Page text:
More than a few large energy projects have run into serious delays or wound up permanently shelved due to public opposition groups. This outcome has become more and more common over the past few years.
For the dedicated individual who gathers together a coalition on social media, organizes fellow objectors, holds rallies and protests, and floods neighbor’s newsfeeds with biased content, this is the objective – obstructing progress regardless of the need for the project.
The argument could be made that someone unfamiliar with a contested power project would eventually tune out the constant doom and gloom messaging, but in fact, the opposite often occurs. Due to a media effect known as priming, the more often people encounter a message or idea, the more likely they are not only to recall the information, but also to allow it to influence their behavior and judgments.
Additionally, the more often people come in contact with a message, the more persistent the influence on their thoughts and actions. This is known as chronic priming, and for opposition groups attempting to influence the behavior of the public, it is a very effective method for convincing people to act against their better interests.
Intentionally influencing the public’s thoughts and behaviors might sound like the work of a large public relations firm, but the efforts of an effective opposition group are just as powerful.
According to a 2012 study “92 percent of consumers around the world say they trust earned media, such as recommendations from friends and family, above all other forms of advertising.” The audience receiving this content is vast; a 2015 survey found that 62 percent of the U.S. adult population uses Facebook. With social media platforms providing a near-constant connection to “friends,” social media users also have a front row seat to a pulpit.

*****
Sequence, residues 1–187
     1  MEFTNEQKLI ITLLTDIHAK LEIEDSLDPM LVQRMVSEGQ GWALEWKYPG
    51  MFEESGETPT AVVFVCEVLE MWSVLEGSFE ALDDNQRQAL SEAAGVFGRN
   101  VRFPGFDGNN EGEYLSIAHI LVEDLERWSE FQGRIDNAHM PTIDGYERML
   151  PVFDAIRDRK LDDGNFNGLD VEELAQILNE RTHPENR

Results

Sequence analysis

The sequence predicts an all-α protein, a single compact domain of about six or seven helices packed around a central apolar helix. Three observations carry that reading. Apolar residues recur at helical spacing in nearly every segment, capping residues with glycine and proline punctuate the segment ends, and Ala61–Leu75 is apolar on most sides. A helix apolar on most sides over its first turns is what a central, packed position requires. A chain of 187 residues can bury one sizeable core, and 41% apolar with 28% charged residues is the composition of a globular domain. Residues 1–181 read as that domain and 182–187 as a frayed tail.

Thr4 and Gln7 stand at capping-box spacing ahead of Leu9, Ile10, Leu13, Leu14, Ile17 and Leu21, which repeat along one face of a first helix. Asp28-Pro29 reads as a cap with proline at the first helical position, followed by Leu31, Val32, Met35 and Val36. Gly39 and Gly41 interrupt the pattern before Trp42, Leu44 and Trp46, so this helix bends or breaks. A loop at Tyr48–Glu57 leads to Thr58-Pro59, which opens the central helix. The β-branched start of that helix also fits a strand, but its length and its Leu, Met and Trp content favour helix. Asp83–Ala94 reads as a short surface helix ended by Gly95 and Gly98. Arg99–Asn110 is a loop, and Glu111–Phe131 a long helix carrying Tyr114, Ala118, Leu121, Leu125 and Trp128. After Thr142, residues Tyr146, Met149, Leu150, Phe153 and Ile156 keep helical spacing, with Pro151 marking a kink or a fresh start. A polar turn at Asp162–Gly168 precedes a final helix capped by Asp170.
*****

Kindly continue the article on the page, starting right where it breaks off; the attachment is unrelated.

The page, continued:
How is the public supposed to know any side but the one it hears? To some degree, the fault lies with the status quo. Too often, the organizations that sponsor power projects take a very reserved, couched approach to garnering public support and publicizing their talking points.
The pro-project information may live on a website’s FAQ page or be provided to attendees at an open house, but other than that, much of the general public isn’t encountering the other side of the story.
Ultimately, project-sponsoring companies need to out-organize their opposition and adopt a proactive approach to educating the public. Like an effective political campaign, project messaging needs to be built out well in advance and adapted for distribution across a wide variety of media and marketing forums.
By engaging consumers with immersive, fact-based content, project teams can tamp down the negative rhetoric and establish a constructive dialogue. While it’s true that being proactive with project messaging might not keep activist groups from protesting or filing lawsuits, it will help level the playing field and allow project proponents to emphasize core messages.
Chris Deffenbaugh is Burns & McDonnell's public involvement specialist.